The Last Story - review
Wii; £29.99; cert 16+; Mistwalker/Nintendo
The orphan troupe, the gelled hair, the tinkling arpeggio, the heaving city, the unseen world-threatening terror, the boastful, conclusive title; The Last Story will be familiar to fans of director Hironobu Sakaguchi's work. But it is perhaps inevitable that any new Japanese RPG from the creator of Final Fantasy will share themes, ambiance and aesthetics with Square-Enix's conquering behemoth franchise.
Final Fantasy - designed by Sakaguchi in 1986 as a last ditch attempt to create a successful video game - salvaged not only his own fledgling career but also the fortunes of the diminutive company, turning it into one of the world's largest and most powerful game (and movie) publishers.
For any creative in his 50s, the temptation to revisit the magical recipe that made him in his 20s must me compelling. But then again, to dismiss this curious Wii game as a copycat would be grossly unfair. The surface details may be familiar, but the mechanical engine that fires the fantasy is fresh, and the experience unique for it.
Indeed, Sakaguchi claims that his studio Mistwalker dedicated an entire year of prototyping to answering the design question: how can we make the JRPG battle system more interesting and dynamic? The results of that focus are smart and engaging, offering a real-time weave of offensive and defensive options with ranged and close quarters weapons that ensure each encounter is fraught with tension and tactics.
You play as Zael, a young mercenary thrown in with a ragtag bad of cohorts on an unfocused quest to find fame, fortune and their identity on the diverse island of Lazulis. Here mercenaries are feared but also looked down upon, a poor man's knight characterised by brutality and efficiency, but rarely honour and poise.
Zael and his friends have ambitions to become knights, and it's the twin motivations of inadequacy and ambition that fire the group through the game's 20-odd hour storyline.
As with Final Fantasy, much emphasis is placed on the relationships between the cast (who, as in last year's Xenoblade Chronicles is almost entirely voiced by British actors) and endless cut scenes reveal the dynamics of the group. Occasionally heavy-handed, these exchanges succeed in giving each character personality and individual quirk and motivation, ensuring that in battle they appear as more than mere ciphers for your combat abilities, but as something closer to people.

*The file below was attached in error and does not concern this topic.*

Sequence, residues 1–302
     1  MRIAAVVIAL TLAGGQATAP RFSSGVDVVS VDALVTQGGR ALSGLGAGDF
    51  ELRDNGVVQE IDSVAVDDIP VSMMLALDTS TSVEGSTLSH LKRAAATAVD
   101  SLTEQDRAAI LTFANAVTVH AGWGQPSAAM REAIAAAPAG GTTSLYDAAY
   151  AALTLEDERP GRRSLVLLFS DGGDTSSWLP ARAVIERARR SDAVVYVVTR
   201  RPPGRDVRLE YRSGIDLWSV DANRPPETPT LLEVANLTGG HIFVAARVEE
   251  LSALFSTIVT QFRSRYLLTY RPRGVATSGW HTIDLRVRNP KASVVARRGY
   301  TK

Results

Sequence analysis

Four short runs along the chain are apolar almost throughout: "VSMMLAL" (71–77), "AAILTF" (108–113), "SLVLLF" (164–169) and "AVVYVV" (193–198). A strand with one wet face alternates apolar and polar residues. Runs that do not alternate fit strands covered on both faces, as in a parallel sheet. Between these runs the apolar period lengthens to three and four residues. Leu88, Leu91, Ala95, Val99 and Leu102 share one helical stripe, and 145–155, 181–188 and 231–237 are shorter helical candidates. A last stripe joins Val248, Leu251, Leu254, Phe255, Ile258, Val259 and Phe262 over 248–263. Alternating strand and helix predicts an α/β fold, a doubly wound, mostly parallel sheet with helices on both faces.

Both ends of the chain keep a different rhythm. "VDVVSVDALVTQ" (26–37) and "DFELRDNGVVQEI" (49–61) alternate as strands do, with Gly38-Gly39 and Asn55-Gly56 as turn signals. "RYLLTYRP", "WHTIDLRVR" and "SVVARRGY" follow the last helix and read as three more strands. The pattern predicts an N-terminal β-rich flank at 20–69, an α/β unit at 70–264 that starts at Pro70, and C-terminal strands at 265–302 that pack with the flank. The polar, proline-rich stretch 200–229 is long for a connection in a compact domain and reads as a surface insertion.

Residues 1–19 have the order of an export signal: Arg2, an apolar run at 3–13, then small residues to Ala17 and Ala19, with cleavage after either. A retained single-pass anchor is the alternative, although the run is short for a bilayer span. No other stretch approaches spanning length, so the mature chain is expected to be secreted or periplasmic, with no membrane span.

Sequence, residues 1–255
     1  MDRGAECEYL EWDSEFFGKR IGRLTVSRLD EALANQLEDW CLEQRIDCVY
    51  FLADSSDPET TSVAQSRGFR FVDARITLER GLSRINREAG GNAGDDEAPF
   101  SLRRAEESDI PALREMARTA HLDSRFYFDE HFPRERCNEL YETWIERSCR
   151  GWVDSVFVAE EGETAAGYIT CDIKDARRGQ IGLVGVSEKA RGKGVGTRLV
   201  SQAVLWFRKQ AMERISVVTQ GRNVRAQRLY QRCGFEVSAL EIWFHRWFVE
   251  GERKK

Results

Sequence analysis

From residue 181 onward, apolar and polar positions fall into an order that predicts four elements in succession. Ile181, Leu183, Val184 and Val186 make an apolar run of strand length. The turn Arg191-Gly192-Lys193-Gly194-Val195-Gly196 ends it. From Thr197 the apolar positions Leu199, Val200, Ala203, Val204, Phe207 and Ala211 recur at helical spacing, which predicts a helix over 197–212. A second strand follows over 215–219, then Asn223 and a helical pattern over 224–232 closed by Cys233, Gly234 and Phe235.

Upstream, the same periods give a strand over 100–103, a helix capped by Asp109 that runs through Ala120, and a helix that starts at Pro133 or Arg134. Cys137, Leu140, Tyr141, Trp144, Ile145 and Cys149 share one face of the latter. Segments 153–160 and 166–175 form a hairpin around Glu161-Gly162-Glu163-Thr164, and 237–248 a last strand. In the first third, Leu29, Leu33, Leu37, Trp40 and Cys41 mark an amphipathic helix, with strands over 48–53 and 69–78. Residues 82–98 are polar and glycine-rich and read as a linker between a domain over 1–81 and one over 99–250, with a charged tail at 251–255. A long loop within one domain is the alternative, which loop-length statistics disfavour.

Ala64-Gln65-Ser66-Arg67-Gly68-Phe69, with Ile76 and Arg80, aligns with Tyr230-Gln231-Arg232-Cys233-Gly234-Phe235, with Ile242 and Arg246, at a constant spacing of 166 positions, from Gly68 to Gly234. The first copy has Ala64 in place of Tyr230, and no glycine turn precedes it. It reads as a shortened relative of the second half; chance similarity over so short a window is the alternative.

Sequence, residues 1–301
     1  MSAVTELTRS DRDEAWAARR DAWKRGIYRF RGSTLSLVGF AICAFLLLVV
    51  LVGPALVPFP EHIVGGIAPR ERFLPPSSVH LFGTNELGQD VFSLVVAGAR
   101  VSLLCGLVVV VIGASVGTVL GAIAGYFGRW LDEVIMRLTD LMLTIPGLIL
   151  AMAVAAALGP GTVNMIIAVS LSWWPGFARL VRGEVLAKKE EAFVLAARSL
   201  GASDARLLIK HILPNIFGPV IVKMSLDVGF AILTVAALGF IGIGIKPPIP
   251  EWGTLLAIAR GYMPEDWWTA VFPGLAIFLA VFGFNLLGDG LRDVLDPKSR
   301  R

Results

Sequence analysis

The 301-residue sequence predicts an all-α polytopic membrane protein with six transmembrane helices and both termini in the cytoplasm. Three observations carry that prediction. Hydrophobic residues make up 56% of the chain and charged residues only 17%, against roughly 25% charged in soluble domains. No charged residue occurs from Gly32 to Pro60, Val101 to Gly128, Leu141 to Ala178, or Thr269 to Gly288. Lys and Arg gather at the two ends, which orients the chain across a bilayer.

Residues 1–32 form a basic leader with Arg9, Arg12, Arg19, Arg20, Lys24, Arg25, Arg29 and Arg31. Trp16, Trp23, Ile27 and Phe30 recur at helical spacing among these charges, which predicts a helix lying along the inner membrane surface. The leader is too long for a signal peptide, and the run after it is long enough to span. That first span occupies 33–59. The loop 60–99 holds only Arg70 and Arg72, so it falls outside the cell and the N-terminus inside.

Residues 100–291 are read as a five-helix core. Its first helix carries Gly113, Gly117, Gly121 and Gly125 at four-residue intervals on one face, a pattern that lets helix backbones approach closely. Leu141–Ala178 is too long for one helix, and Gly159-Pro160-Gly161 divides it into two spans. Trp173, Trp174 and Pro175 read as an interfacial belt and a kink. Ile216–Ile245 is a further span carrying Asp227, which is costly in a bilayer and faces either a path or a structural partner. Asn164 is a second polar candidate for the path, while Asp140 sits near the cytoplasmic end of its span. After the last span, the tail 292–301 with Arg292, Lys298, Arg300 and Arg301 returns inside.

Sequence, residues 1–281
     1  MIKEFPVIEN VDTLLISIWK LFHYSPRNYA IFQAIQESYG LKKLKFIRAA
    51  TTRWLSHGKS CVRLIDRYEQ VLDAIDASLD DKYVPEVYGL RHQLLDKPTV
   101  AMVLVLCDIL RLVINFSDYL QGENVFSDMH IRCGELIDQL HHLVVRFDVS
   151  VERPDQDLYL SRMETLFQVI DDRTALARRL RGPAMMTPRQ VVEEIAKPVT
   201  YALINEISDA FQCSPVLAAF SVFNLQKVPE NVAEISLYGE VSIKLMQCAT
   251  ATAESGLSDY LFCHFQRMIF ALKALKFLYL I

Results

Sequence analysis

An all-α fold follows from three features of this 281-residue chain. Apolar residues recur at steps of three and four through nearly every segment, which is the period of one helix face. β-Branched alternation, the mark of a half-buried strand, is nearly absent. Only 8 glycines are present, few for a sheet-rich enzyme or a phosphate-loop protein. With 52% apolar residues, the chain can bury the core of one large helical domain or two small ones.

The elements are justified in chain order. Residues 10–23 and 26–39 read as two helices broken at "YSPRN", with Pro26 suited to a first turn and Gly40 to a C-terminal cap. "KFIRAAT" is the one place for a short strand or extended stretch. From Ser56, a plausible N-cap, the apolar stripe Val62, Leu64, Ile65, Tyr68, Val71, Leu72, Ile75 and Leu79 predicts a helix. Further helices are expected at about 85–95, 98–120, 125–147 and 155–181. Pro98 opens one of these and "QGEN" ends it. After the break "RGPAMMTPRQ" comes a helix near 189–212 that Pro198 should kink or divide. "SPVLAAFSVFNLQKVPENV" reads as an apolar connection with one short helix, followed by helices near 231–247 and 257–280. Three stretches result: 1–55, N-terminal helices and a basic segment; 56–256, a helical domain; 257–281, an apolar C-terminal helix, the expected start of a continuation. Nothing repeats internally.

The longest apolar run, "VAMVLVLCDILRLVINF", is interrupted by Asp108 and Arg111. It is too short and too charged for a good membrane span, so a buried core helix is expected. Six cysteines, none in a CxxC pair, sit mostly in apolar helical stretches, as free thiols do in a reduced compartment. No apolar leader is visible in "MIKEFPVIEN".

The sense of camaraderie between the group helps push you through the story when it lags in the second act, and while some lines of dialogue miss the target (particularly those that take aim at humour) the ensemble cast is more than the sum of its parts.
In the opening stages of the game a unique ability awakens within Zael, marking him out as someone special. This ability, known as "gathering", can be triggered at any time during combat and used indefinitely. While activated it draws all enemy attention onto Zael, leaving your AI-controlled teammates free to wale on their foes uninterrupted.
A smart risk/reward dynamic is introduced as Zael recovers a little health every time he successfully lands a strike on an enemy, the risk being that everyone wants a piece of him at once.
New abilities are unlocked steadily over the course of the adventure, adding the capacity for Zael to jump over enemy heads and down-slice as he does so, or run up walls, Neo-like, before landing a vertical slice on an enemy, the impact augmented by gravity.
The magic users in your group, meanwhile, must be protected as they hover before casting a spell, a floating countdown indicating how many seconds they have left before they unleash their arcane attack. These mages can produce "area of effect" spells that automatically heal comrades that stand within their circumference, or reduce the defences of enemies.
Later in the game Zael gains the Gale ability, a gust of wind that can shatter an area of effect spell, causing large amounts of damage to any foe nearby. The range of tactical options moment by moment is wide and, while the game arguably becomes a little too easy in its latter stage, the system is noteworthy and worthwhile.
Outside of battle there's the usual clutch of side quests to engage in and a huge array of customisation options, with Fable-style collectible dyes allowing you to play tailor. Blacksmiths can, for a fee, upgrade your weapons and armour with the most expensive upgrades requiring rare items.
The Last Story is also notable for offering some multiplayer options - a rarity in offline JRPGs. With one co-operative mode and one competitive mode, it's not the most featured multiplayer arena, but the opportunity to show off your personal, customised Zael into battle alongside other players is a welcome one.
The Last Story lacks the contemporary pizzazz of last year's Xenoblade Chronicles (created by Tetsuya Takahashi, a designer that Hironobu Sakaguchi hired in his Square-Enix days). But nonetheless, the storybook ambiance, strong characters and interesting battle system make this relatively short adventure one that's worth following to its conclusion. The Japanese RPG may have suffered heavy blows at the hands of Western RPGs such as Skyrim and Fable, but The Last Story does much to demonstrate there's still life and innovation in the form. That this game should come from one of the genre's progenitors is testament to a creative spark that still fires even after all these years.
o Game reviewed on Wii